By Ray Stern
By Ray Stern
By New Times
By Amy Silverman
By Stephen Lemons
By Stephen Lemons
By Monica Alonzo
By Chris Parker
As most bishops nationwide begin digging themselves out from the avalanche of priest sex scandals, Bishop Thomas O'Brien seems intent on digging himself deeper.
O'Brien's latest outrage of many stems from a column I wrote three weeks ago about two women's accusations of sexual misconduct by Father Patrick Colleary, an associate pastor at Our Lady of Perpetual Help in Scottsdale.
After the column appeared, Colleary admitted to one of the allegations, that he fathered a child in the late 1970s, and denied the other, that he molested an 11-year-old boy around the same time. And Bishop O'Brien backed him up. Colleary remains a priest at the church.
Last week, the Arizona Republic received a copy of a 1999 letter in which one of Colleary's therapists from St. Luke's Institute in Maryland recommended to the Diocese that: "Given the number and nature of complaints over the years [against Colleary], it is reasonable to anticipate that history will be repeated in some way."
The letter was a bombshell.
The St Luke's warning substantiates the charges first aired here that not only did Father Colleary father a child, but that the priest was also charged with other sexually aberrant behavior.
The St Luke's letter also proved the bishop was lying when, following the two initial allegations in this column, he and diocesan officials gave assurances to parishioners at Our Lady of Perpetual Help that there was never any indication that Colleary was a threat to women and children.
Keep your eye on the St. Luke's line: "Given the number and nature of complaints."
In the column, Roy stated that Colleary had told her about other allegations against him. One case, she says, involved accusations of child molestation from a mother in Tempe.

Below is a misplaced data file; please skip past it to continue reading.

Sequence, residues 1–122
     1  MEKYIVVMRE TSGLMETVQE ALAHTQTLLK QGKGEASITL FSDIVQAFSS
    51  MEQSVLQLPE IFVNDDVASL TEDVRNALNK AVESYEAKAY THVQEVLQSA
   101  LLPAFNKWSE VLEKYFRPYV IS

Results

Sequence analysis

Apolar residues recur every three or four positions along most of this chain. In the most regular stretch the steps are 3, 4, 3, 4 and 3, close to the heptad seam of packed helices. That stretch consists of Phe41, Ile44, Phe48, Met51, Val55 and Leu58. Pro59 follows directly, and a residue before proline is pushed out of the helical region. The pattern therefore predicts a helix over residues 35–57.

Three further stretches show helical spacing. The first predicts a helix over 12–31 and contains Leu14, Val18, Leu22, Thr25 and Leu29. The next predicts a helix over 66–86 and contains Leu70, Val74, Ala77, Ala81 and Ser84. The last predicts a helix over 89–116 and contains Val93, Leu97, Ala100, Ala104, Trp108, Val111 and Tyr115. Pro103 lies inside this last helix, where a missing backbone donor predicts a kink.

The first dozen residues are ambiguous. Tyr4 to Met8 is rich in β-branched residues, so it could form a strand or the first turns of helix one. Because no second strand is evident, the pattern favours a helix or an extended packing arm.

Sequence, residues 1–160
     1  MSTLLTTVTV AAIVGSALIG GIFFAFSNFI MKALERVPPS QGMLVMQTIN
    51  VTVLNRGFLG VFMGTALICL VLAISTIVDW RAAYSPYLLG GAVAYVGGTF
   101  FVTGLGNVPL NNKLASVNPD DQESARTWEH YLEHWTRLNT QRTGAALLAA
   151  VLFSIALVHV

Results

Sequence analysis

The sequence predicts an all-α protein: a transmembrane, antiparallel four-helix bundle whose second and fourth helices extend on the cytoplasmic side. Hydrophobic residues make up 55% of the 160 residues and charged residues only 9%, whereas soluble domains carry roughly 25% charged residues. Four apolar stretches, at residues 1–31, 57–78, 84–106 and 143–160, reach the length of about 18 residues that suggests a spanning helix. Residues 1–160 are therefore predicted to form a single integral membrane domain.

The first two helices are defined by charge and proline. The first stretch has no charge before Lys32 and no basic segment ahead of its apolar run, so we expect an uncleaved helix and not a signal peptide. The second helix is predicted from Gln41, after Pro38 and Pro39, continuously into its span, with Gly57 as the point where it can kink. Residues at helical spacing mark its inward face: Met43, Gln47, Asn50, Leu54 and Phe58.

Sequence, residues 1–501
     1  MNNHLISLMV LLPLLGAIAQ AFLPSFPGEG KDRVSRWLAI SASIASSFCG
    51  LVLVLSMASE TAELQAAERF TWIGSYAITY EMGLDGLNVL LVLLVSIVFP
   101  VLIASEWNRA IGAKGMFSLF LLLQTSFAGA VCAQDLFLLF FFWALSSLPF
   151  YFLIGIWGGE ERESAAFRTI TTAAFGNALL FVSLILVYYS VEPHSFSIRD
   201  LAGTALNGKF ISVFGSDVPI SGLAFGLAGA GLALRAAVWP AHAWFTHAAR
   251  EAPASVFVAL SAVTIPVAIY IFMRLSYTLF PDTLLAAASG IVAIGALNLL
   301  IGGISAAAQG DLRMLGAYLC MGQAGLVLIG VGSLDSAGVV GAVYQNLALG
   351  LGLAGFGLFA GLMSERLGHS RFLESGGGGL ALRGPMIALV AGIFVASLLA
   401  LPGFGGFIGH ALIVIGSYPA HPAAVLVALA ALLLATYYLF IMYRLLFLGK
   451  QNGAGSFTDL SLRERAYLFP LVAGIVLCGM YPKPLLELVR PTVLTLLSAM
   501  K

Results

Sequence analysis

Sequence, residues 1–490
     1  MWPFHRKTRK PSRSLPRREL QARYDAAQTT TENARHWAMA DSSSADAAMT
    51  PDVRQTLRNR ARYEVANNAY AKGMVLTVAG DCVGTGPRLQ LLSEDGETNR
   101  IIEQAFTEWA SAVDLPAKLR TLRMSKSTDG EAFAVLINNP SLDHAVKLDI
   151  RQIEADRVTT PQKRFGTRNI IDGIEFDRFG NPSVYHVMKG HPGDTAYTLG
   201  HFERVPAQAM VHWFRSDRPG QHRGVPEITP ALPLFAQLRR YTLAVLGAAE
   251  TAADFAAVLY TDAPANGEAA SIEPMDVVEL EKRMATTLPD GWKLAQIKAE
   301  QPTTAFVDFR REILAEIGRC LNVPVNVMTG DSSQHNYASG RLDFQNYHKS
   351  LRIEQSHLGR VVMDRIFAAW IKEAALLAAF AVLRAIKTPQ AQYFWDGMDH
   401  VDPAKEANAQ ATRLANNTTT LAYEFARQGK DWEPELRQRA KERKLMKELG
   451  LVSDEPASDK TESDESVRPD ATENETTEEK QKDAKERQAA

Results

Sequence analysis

Did Diocese officials contact Roy after the column appeared to investigate what she knew about Colleary? Did they ask about this other case in Tempe?
"Are you kidding?" Roy said to me last Friday.
The only call Roy received following her disclosures was from an anonymous man who told her "you better watch your back."
Doris Kennedy of Chandler told the story of her 15-year-old son walking in on Colleary as he was molesting her 11-year-old son, and how she was stonewalled by O'Brien when she went to report the molestation. She said her son, now in his mid-30s, has just begun remembering other incidences in which Colleary allegedly fondled him in the sacristy of Holy Spirit Catholic Church in Tempe.
Colleary now says he passed a polygraph test regarding the alleged molestation in the Kennedy home. But, conveniently, Colleary says he has no proof the polygraph was ever taken.
Take just a second here.
You're a priest accused of pedophilia. You claim a lie-detector test proved you innocent. And you didn't keep the paperwork that cleared you?
Colleary admits there was an investigation. The investigation found no wrongdoing, he says.
Doris Kennedy scoffs at calling the police or Diocese response to her accusations an "investigation."
Nobody in her family was interviewed by police or Diocese officials, she says.
This is remarkable.
A mother goes to the bishop and goes to the police charging a priest with molesting her son. An alleged investigation clears the priest without anyone interviewing the victim or the eyewitness. And the priest does not have the polygraph he says he passed.
Nor can I find a way to confirm that any investigation, even a shoddy one, took place. Police in Tempe, the location of the church, and police in Chandler, where the Kennedys live, have no record of the investigation or polygraph test.
It may have been purged, they say.
Or, as they say in Latin America, maybe it long ago was disappeared.
Of course, the Diocese won't release anything it has.
And the Diocese certainly didn't look for more.
Doris Kennedy says the Diocese never contacted her for more information after this column revealed the appalling charges against Father Colleary. Nor did the bishop contact Kennedy or Roy when the therapists at St. Luke's warned the Diocese that there were multiple complaints. Nor did the bishop contact Kennedy or Roy once Roy pointed out that Father Colleary himself had told her of multiple allegations.
"They don't want to hear any more than what they've already heard," says Kennedy, who never has been contacted by diocesan officials.
However, since their stories broke, Doris Kennedy and Sharon Roy have been contacted by Kathleen McCabe Lecheler, who says she was seduced by Colleary in the mid-1970s when she was 17 after she went to him seeking counseling for a "problem of a sexual nature."
Lecheler told Roy she also remembers Colleary talking about other sexual misdeeds. In one case, Lecheler told Roy, Colleary told her that he had lent his car to a girl he had impregnated so she could drive to get an abortion. Lecheler told Kennedy she remembers that Colleary said he had another girlfriend in Casa Grande.